Your recent two-part series on the donor community’s concerns over financial issues at the Olympic Medical Center Foundation (Sequim Gazette, Jan. 8, Jan. 15) was an important revelation for everyone who works in the non-profit sector. It exposes both the best and perhaps the worst of those who give and those who manage our local generosity.
Sara Maloney deserves an abundance of gratitude from all of us – not only for her forthright expression of concerns relating to the financial integrity of OMC Foundation management, but also for her heads-up to those who work in and around the non-profit sector. We have an exceptional responsibility to our donors and a commitment to those we claim to serve. Sara’s work across this county represents the very best in fundraising skill, creative talent and just plain hard work. The patients of OMC and the children of our community owe her a huge debt.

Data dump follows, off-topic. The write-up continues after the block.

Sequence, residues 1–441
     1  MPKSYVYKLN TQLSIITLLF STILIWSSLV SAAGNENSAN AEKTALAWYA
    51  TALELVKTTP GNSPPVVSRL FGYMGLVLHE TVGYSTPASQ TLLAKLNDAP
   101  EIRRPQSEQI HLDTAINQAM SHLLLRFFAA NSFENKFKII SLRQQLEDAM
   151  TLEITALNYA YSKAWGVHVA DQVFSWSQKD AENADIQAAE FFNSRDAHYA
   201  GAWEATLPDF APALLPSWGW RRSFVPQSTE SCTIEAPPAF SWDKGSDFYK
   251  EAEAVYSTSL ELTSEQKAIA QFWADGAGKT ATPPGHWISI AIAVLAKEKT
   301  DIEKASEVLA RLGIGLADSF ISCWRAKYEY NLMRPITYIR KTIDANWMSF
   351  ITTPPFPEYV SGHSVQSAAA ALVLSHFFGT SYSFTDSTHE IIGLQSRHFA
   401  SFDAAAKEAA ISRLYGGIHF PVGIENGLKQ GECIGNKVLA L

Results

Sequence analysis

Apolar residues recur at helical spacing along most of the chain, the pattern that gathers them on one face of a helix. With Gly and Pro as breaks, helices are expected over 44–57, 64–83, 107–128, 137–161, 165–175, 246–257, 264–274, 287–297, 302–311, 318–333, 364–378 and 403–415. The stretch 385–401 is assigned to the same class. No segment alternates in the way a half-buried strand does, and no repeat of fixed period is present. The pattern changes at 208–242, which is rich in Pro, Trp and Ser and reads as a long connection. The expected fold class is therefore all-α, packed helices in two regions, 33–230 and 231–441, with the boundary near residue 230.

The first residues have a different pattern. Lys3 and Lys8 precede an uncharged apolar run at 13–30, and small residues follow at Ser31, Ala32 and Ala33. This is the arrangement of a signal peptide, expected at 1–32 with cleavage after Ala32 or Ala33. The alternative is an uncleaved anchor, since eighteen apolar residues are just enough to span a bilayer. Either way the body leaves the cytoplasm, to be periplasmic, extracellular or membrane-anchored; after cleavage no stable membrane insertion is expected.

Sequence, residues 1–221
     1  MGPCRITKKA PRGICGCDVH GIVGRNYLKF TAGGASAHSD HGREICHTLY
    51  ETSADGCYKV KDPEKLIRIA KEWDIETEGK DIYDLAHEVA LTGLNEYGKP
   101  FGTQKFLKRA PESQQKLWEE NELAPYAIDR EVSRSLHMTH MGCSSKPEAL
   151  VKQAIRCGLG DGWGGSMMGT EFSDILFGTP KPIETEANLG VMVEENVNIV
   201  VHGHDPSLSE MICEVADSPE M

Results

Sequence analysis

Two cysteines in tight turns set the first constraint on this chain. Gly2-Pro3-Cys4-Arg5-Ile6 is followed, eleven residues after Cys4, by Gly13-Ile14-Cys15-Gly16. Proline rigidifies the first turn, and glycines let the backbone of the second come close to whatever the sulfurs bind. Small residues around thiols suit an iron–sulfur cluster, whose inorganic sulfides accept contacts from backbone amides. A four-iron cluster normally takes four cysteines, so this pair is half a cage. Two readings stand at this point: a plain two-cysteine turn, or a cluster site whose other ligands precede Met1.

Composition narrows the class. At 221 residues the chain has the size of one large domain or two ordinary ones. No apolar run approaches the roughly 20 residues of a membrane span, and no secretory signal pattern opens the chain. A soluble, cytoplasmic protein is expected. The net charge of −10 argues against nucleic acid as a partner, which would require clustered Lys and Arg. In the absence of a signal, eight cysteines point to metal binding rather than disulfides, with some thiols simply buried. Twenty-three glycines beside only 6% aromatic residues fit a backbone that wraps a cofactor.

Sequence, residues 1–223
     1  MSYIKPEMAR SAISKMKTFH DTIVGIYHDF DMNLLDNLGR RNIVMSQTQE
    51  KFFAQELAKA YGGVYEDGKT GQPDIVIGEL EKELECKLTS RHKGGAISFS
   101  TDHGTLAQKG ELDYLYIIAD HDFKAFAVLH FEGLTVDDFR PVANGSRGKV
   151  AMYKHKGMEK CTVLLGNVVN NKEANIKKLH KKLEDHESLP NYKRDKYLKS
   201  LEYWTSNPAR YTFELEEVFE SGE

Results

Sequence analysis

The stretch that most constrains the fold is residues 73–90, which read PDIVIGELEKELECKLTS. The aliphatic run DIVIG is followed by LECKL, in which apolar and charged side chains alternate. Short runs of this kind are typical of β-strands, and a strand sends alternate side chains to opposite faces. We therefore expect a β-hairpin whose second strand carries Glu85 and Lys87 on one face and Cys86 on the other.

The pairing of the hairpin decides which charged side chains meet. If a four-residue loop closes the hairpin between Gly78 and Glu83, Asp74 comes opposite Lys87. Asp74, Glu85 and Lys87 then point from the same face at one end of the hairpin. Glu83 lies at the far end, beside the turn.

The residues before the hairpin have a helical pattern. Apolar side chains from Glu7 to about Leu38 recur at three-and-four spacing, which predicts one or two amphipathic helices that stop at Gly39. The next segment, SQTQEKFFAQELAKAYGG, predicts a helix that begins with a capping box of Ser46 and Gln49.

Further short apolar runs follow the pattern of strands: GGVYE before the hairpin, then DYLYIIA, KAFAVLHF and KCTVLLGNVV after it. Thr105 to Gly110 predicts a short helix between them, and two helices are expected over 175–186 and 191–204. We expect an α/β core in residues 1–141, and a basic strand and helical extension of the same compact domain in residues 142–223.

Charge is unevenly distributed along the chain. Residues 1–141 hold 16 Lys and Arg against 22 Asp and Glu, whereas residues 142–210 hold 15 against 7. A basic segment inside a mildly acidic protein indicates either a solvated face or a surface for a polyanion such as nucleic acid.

Exposure of problems is a positive. Perhaps the Foundation will find a way to renew its credibility in the donor community. However, I am concerned that the Foundation leadership will be reluctant to show the institutional transparency that the public deserves and its donors demand. Our community has seen much too much of bad management and questionable articulation of institutional goals and objectives. I am reminded of Harbor Works and the Incubator Project, where millions of dollars in public money were spent to no meaningful public benefit. Here we have a case of charitable funds being spent with no apparent accountability to the donors or the hospital.
Someone needs to take the lead here. We need to understand what is happening to donated money. We need to respect Sara Maloney’s considerable sacrifice and move on to higher standards and ethics. The local nonprofit community deserves that. The public must have confidence in those who allocate and spend our money. Without that, there is chaos.